Plant cuticle

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Water beads on the waxy cuticle of kale leaves Kale2.jpg
Water beads on the waxy cuticle of kale leaves

A plant cuticle is a protecting film covering the epidermis of leaves, young shoots and other aerial plant organs without periderm. It consists of lipid and hydrocarbon polymers impregnated with wax, and is synthesized exclusively by the epidermal cells. [1]



Anatomy of a eudicot leaf Leaf Tissue Structure.svg
Anatomy of a eudicot leaf

The plant cuticle is a layer of lipid polymers impregnated with waxes that is present on the outer surfaces of the primary organs of all vascular land plants. It is also present in the sporophyte generation of hornworts, and in both sporophyte and gametophyte generations of mosses [2] The plant cuticle forms a coherent outer covering of the plant that can be isolated intact by treating plant tissue with enzymes such as pectinase and cellulase.


The cuticle is composed of an insoluble cuticular membrane impregnated by and covered with soluble waxes. Cutin, a polyester polymer composed of inter-esterified omega hydroxy acids which are cross-linked by ester and epoxide bonds, is the best-known structural component of the cuticular membrane. [3] [4] The cuticle can also contain a non-saponifiable hydrocarbon polymer known as Cutan. [5] The cuticular membrane is impregnated with cuticular waxes [6] and covered with epicuticular waxes, which are mixtures of hydrophobic aliphatic compounds, hydrocarbons with chain lengths typically in the range C16 to C36. [7]

Cuticular wax biosynthesis

Cuticular wax is known to be largely composed of compounds which derive from very-long-chain fatty acids (VLCFAs), such as aldehydes, alcohols, alkanes, ketones, and esters. [8] [9] Also present are other compounds in cuticular wax which are not VLCFA derivatives, such as terpenoids, flavonoids, and sterols, [9] and thus have different synthetic pathways than those VLCFAs.

The first step of the biosynthesis pathway for the formation of cuticular VLCFAs, occurs with the de novo biosynthesis of C16 acyl chains (palmitate) by chloroplasts in the mesophyll, [1] and concludes with the extension of these chains in the endoplasmic reticulum of epidermal cells. [9] An important catalyzer thought to be in this process is the fatty acid elongase (FAE) complex. [8] [9] [10]

To form cuticular wax components, VLCFAs are modified through either two identified pathways, an acyl reduction pathway or a decarbonylation pathway. [9] In the acyl reduction pathway, a reductase converts VLCFAs into primary alcohols, which can then be converted to wax esters through a wax synthase. [9] [10] In the decarbonylation pathway, aldehydes are produced and decarbonylated to form alkanes, and can be subsequently oxidized to form secondary alcohols and ketones. [8] [9] [10] The wax biosynthesis pathway ends with the transportation of the wax components from the endoplasmic reticulum to the epidermal surface. [9]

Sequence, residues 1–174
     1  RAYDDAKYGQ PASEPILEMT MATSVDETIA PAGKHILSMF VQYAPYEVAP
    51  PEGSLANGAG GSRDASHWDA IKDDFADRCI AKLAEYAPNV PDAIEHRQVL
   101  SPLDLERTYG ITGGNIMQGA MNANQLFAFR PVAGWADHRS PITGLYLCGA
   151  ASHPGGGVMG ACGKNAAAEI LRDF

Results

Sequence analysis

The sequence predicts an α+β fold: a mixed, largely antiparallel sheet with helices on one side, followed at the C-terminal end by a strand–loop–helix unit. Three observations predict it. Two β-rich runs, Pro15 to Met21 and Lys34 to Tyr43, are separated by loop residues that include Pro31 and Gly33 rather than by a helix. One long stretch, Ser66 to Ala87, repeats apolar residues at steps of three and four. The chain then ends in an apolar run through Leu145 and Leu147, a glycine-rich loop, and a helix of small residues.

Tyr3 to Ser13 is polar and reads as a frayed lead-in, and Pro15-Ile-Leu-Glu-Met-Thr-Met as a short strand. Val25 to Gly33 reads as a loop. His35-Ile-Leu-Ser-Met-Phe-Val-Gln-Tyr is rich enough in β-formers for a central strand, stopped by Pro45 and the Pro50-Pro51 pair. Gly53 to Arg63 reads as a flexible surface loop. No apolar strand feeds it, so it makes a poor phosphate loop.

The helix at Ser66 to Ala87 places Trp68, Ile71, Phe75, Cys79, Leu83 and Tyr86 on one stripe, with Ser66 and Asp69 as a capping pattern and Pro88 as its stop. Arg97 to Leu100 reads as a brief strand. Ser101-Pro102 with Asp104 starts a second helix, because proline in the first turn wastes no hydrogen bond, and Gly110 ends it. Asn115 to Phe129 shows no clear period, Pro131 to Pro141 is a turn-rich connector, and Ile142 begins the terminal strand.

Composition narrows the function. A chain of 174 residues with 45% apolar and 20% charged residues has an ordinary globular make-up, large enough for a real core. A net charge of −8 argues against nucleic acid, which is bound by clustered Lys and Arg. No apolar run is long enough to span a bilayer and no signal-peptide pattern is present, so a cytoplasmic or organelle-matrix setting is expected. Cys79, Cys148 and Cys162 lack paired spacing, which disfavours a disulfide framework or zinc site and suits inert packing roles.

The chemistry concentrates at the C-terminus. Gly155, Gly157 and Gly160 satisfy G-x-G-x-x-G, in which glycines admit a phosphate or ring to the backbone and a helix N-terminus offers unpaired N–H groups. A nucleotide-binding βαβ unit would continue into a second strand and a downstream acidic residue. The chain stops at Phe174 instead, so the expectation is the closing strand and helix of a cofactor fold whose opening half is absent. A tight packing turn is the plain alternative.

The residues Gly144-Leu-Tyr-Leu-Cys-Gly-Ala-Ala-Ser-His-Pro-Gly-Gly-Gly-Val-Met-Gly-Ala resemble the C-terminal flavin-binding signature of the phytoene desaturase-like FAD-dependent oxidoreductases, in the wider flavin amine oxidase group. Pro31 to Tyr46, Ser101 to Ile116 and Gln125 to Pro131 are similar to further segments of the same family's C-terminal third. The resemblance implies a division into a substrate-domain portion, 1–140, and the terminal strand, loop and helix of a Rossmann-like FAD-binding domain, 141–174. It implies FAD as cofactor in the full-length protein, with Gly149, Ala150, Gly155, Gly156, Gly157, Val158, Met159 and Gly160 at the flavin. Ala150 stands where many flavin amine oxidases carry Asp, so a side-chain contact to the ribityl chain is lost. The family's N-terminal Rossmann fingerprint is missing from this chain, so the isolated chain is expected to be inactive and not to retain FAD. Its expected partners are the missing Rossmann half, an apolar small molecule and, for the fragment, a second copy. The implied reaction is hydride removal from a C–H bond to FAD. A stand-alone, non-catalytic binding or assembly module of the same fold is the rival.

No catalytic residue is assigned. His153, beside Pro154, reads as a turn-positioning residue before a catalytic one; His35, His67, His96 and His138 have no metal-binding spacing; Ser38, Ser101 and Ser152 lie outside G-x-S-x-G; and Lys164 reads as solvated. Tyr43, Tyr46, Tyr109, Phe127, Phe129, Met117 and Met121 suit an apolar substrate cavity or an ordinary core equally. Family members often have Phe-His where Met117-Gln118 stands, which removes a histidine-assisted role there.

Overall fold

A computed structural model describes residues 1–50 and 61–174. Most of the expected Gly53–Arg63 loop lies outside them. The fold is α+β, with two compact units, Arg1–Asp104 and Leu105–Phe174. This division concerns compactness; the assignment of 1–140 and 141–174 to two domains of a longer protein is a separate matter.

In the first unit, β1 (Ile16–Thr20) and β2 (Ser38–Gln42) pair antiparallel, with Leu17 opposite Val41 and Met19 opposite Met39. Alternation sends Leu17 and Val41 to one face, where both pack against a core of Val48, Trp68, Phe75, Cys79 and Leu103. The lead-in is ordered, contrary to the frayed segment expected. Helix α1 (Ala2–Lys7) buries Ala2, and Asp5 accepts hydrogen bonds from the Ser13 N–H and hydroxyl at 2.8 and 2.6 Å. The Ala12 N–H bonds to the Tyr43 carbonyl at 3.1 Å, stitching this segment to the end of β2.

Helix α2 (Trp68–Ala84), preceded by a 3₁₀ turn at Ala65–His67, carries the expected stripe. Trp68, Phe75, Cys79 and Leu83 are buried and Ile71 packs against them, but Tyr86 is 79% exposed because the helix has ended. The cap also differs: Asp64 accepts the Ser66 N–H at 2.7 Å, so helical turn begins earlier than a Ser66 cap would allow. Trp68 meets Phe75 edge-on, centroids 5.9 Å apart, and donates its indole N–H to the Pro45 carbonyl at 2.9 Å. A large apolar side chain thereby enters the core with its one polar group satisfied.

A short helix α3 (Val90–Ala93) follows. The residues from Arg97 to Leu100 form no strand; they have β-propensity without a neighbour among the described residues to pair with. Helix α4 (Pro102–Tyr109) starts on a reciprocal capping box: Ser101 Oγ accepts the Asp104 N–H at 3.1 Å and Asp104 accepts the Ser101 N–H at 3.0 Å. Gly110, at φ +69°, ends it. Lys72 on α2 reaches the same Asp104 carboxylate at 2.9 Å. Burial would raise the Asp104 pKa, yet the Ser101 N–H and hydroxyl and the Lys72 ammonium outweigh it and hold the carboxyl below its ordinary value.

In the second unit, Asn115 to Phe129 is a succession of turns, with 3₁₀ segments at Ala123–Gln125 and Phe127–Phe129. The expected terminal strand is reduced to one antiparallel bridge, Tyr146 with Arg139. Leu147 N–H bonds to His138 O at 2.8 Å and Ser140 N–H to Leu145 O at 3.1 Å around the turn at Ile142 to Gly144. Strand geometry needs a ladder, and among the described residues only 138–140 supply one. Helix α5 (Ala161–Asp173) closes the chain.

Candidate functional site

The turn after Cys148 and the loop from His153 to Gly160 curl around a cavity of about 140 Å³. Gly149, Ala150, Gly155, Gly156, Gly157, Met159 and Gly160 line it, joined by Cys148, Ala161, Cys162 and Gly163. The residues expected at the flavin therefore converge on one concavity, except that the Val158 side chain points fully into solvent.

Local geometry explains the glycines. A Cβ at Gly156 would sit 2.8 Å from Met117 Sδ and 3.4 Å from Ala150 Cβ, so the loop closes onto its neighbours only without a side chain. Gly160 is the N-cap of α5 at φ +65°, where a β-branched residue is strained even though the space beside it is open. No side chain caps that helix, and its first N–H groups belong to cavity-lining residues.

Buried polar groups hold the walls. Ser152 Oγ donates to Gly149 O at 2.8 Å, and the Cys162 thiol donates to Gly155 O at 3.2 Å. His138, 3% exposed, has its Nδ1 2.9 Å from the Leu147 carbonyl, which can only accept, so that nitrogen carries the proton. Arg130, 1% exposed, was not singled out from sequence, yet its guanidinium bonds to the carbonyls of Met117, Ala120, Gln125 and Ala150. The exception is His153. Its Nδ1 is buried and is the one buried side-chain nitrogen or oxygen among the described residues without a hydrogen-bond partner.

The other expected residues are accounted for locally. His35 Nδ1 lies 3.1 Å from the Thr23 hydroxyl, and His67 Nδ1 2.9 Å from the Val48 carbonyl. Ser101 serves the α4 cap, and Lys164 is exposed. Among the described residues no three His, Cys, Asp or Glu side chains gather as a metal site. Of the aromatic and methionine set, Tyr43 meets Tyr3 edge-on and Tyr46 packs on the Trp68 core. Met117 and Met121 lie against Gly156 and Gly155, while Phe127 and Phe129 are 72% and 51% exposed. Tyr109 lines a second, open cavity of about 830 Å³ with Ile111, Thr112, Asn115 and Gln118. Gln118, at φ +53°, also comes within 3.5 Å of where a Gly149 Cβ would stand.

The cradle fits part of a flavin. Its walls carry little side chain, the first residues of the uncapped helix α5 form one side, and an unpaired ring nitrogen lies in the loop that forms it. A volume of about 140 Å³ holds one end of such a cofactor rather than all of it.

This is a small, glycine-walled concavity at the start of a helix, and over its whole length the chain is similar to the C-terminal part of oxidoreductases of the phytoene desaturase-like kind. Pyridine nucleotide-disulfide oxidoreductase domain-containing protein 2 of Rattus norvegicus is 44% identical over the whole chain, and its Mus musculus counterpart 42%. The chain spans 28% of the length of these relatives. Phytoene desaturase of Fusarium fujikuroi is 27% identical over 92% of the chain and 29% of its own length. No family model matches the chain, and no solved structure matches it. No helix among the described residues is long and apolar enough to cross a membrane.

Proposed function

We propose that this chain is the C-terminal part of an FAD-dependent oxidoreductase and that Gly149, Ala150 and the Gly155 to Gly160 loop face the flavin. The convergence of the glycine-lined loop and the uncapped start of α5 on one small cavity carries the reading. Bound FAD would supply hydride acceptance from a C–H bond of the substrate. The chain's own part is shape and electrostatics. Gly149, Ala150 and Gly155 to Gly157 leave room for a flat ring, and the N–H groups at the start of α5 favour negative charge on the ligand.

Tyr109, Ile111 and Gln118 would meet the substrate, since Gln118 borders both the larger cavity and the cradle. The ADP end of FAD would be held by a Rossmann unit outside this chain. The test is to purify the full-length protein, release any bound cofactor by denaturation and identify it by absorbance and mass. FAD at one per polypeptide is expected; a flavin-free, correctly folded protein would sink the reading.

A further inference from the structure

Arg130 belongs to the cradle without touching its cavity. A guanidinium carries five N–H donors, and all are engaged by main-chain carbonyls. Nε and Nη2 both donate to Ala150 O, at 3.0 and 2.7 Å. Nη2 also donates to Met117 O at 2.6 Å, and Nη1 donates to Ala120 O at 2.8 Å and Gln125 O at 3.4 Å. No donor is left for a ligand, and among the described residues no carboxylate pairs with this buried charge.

The primary function of the plant cuticle is as a water permeability barrier that prevents evaporation of water from the epidermal surface, and also prevents external water and solutes from entering the tissues. [11] In addition to its function as a permeability barrier for water and other molecules (prevent water loss), the micro and nano-structure of the cuticle have specialised surface properties that prevent contamination of plant tissues with external water, dirt and microorganisms. Aerial organs of many plants, such as the leaves of the sacred lotus ( Nelumbo nucifera ) have ultra-hydrophobic and self-cleaning properties that have been described by Barthlott and Neinhuis (1997). [12] The lotus effect has applications in biomimetic technical materials.

Dehydration protection provided by a maternal cuticle improves offspring fitness in the moss Funaria hygrometrica [2] and in the sporophytes of all vascular plants. In angiosperms the cuticle tends to be thicker on the top of the leaf (adaxial surface), but is not always thicker. The leaves of xerophytic plants adapted to drier climates have more equal cuticle thicknesses compared to those of mesophytic plants from wetter climates that do not have a high risk of dehydration from the under sides of their leaves.

"The waxy sheet of cuticle also functions in defense, forming a physical barrier that resists penetration by virus particles, bacterial cells, and the spores and growing filaments of fungi". [13]